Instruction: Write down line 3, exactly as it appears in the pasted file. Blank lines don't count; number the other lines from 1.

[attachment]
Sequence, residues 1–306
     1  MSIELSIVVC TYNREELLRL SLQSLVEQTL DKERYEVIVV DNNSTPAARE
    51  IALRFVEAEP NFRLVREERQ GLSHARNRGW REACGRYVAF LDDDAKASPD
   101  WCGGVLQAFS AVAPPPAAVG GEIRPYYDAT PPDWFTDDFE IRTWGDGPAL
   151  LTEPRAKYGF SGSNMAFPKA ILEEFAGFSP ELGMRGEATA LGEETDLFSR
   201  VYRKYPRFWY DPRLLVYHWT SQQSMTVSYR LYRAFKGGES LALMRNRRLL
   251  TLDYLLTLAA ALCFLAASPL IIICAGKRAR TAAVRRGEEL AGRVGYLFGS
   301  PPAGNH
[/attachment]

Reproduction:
    51  IALRFVEAEP NFRLVREERQ GLSHARNRGW REACGRYVAF LDDDAKASPD